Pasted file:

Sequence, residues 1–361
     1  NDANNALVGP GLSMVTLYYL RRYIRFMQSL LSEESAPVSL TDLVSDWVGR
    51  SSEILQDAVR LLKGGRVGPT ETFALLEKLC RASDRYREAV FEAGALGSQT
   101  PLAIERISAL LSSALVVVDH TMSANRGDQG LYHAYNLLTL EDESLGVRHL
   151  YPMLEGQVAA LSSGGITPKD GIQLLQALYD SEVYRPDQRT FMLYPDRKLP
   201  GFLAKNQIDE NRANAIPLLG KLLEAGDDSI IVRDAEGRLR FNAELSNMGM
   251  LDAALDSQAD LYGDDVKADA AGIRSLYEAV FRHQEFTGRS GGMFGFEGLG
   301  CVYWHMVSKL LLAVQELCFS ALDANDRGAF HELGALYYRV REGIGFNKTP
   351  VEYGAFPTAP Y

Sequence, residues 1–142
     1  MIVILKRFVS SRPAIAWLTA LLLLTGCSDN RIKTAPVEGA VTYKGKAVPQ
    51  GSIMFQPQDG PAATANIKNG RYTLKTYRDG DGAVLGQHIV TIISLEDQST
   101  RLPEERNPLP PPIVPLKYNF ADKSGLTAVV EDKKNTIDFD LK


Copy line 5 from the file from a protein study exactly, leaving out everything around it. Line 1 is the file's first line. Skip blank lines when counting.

   151  YPMLEGQVAA LSSGGITPKD GIQLLQALYD SEVYRPDQRT FMLYPDRKLP